Powers of a Matrix
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Powers of a Matrix

Definition: Given a square matrix $A$, for $n$ being a nonnegative integer, $A^n$ is defined as the product matrix taking $A$ and multiplying it by itself $n$-times. If $A$ is invertible, then $A^{-n} = (A^{-1})^{n}$, or the product matrix taking $A^{-1}$ and multiplying it by itself $n$-times.

For example, consider the following matrix:

\begin{align} A = \begin{bmatrix} 1 & 2\\ 3 & 4 \end{bmatrix} \end{align}

To compute $A^2$, take $A$ and multiply it by itself:

\begin{align} A^2 = AA = \begin{bmatrix} 1 & 2\\ 3 & 4 \end{bmatrix} \begin{bmatrix} 1 & 2\\ 3 & 4 \end{bmatrix} = \begin{bmatrix} 7 & 10\\ 15 & 22 \end{bmatrix} \end{align}

Additionally, if we wanted to computer $A^{-2}$, we would first need to find $A^{-1} = \begin{bmatrix} -2 & 1\\ \frac{3}{2} & -\frac{1}{2} \end{bmatrix}$, and then:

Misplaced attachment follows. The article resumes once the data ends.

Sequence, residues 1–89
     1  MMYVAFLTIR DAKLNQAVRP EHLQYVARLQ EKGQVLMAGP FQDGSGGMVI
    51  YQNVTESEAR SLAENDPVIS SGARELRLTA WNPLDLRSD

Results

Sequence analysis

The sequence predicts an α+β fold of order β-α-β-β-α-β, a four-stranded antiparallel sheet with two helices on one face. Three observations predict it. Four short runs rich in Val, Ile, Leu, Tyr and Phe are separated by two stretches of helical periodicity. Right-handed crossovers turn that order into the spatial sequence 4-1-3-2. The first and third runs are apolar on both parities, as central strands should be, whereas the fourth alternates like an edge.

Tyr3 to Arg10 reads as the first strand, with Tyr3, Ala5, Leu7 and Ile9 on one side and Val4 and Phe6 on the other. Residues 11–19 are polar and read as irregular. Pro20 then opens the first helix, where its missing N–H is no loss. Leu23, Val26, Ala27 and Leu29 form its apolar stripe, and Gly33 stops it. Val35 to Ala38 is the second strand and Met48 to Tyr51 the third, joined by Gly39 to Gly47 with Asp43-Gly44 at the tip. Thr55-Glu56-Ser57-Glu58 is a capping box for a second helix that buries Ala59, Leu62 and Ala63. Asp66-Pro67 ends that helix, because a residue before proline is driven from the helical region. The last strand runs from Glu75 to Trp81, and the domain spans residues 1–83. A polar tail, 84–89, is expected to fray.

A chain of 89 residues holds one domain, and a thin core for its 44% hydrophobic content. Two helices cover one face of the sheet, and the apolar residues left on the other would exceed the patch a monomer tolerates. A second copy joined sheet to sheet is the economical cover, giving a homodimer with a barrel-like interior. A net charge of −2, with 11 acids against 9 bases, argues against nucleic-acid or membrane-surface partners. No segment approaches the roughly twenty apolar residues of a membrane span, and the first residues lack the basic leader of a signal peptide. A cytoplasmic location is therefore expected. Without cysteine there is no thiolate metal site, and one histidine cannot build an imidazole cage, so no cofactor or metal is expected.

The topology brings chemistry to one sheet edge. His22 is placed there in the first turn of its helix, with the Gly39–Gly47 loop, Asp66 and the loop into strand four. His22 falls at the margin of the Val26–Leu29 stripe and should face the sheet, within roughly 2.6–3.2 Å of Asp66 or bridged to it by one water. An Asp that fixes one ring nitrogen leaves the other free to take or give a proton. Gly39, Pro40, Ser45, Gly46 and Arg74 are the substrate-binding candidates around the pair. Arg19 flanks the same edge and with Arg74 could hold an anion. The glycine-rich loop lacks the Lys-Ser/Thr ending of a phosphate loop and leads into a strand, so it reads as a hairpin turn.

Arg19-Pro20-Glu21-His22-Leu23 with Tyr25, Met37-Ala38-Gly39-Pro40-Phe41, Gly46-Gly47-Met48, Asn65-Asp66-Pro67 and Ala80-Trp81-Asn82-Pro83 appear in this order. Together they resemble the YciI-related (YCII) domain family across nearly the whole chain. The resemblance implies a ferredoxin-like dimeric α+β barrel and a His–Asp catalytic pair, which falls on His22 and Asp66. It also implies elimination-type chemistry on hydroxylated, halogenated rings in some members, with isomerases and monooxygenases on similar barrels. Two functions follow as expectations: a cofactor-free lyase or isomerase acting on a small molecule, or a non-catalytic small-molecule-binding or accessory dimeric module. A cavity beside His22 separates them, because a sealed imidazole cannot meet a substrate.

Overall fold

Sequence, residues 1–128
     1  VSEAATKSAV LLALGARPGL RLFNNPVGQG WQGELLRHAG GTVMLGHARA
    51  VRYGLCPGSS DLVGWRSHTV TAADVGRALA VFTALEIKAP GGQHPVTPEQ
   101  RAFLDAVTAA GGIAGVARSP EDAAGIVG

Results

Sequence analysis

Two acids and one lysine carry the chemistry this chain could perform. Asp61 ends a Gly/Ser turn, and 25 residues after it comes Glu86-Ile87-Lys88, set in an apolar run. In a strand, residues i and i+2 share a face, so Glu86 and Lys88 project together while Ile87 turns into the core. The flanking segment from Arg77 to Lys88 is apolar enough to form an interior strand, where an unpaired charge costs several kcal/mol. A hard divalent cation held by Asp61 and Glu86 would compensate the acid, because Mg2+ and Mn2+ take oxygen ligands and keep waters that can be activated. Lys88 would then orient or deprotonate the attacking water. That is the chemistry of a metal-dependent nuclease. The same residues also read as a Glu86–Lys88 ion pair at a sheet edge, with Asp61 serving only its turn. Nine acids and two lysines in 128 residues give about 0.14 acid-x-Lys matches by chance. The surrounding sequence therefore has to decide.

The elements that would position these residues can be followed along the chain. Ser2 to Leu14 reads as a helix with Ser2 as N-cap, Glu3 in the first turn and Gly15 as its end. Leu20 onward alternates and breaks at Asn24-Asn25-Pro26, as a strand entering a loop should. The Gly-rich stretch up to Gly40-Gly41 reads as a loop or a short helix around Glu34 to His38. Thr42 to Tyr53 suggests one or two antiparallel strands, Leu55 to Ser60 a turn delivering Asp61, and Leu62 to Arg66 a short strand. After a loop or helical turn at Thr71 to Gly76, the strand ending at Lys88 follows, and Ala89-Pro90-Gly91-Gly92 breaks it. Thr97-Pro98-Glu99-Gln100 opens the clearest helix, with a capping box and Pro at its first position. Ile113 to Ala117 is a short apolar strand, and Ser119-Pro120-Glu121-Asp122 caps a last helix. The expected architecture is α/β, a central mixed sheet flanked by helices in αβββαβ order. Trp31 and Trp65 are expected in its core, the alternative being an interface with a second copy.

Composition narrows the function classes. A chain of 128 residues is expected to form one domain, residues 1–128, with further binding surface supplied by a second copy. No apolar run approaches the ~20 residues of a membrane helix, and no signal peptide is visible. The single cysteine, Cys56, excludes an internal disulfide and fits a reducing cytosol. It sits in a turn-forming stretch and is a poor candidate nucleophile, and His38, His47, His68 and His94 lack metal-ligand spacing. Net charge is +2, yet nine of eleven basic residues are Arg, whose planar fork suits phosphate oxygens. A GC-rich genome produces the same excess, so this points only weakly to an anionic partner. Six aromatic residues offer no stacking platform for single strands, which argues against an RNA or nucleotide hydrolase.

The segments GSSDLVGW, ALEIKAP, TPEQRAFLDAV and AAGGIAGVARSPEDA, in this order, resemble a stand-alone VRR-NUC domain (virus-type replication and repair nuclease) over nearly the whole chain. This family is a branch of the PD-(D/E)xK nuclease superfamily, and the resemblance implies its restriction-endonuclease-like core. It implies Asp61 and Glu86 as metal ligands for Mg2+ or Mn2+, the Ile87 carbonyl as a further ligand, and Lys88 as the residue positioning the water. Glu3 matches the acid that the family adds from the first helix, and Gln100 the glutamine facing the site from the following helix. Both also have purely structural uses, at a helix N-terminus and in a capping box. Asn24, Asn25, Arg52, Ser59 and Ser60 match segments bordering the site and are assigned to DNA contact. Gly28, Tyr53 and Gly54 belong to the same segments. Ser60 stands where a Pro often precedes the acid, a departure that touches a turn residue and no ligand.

\begin{align} A^{-2} = A^{-1}A^{-1} = \begin{bmatrix} -2 & 1\\ \frac{3}{2} & -\frac{1}{2} \end{bmatrix} \begin{bmatrix} -2 & 1\\ \frac{3}{2} & -\frac{1}{2} \end{bmatrix} = \begin{bmatrix} \frac{11}{2} & -\frac{5}{2}\\ -\frac{15}{4} & \frac{7}{4} \end{bmatrix} \end{align}
Theorem 1: If $A$ is a square matrix and let $r$ and $s$ be integers and let $k \in \mathbb{R}$ be a scalar. Then:
a) $A^r A^s = A^{r+s}$.
b) $(A^r)^s = A^{rs}$.
c) If $A^n$ is invertible, then $A^{-n} = (A^{-1})^n$ for $n > 0$.
d) If $k ≠ 0$ and the matrix $A$ is invertible, then $(kA)^{-1} = \frac{1}{k}A^{-1}$.
  • Proof of (a): The matrix $A$ multiplied by itself $r$ times and then multiplied by itself $s$ times is the same as $A$ multiplied by itself $r + s$ times. $\blacksquare$
  • Proof of (b): First take matrix $A$ and multiply it by itself $r$ times. Then take this product and raise it to the $s^{\mathrm{th}}$ power. The total number of times $A$ is multiplied by itself will be $r \cdot s$. $\blacksquare$
  • Proof of (c): Assume that $(A^n)^{-1} = (A^{-1})^n$ is true and multiply both sides on the left by $(A^n)$:
\begin{align} (A^n)(A^n)^{-1} = (A^n)(A^{-1})^n \\ I = \underbrace{AA...AA^{-1}A^{-1}...A^{-1}}_{\mathrm{n-times}} \\ I = I \\ \blacksquare \end{align}
  • Proof of (d): Suppose that $(kA)^{-1} = \frac{1}{k}A^{-1}$. It follows that $(kA)(\frac{1}{k}A^{-1} ) = k \cdot \frac{1}{k} AA^{-1} = I$. Therefore the inverse of $kA$ must be equal to $\frac{1}{k} A^{-1}$. $\blacksquare$
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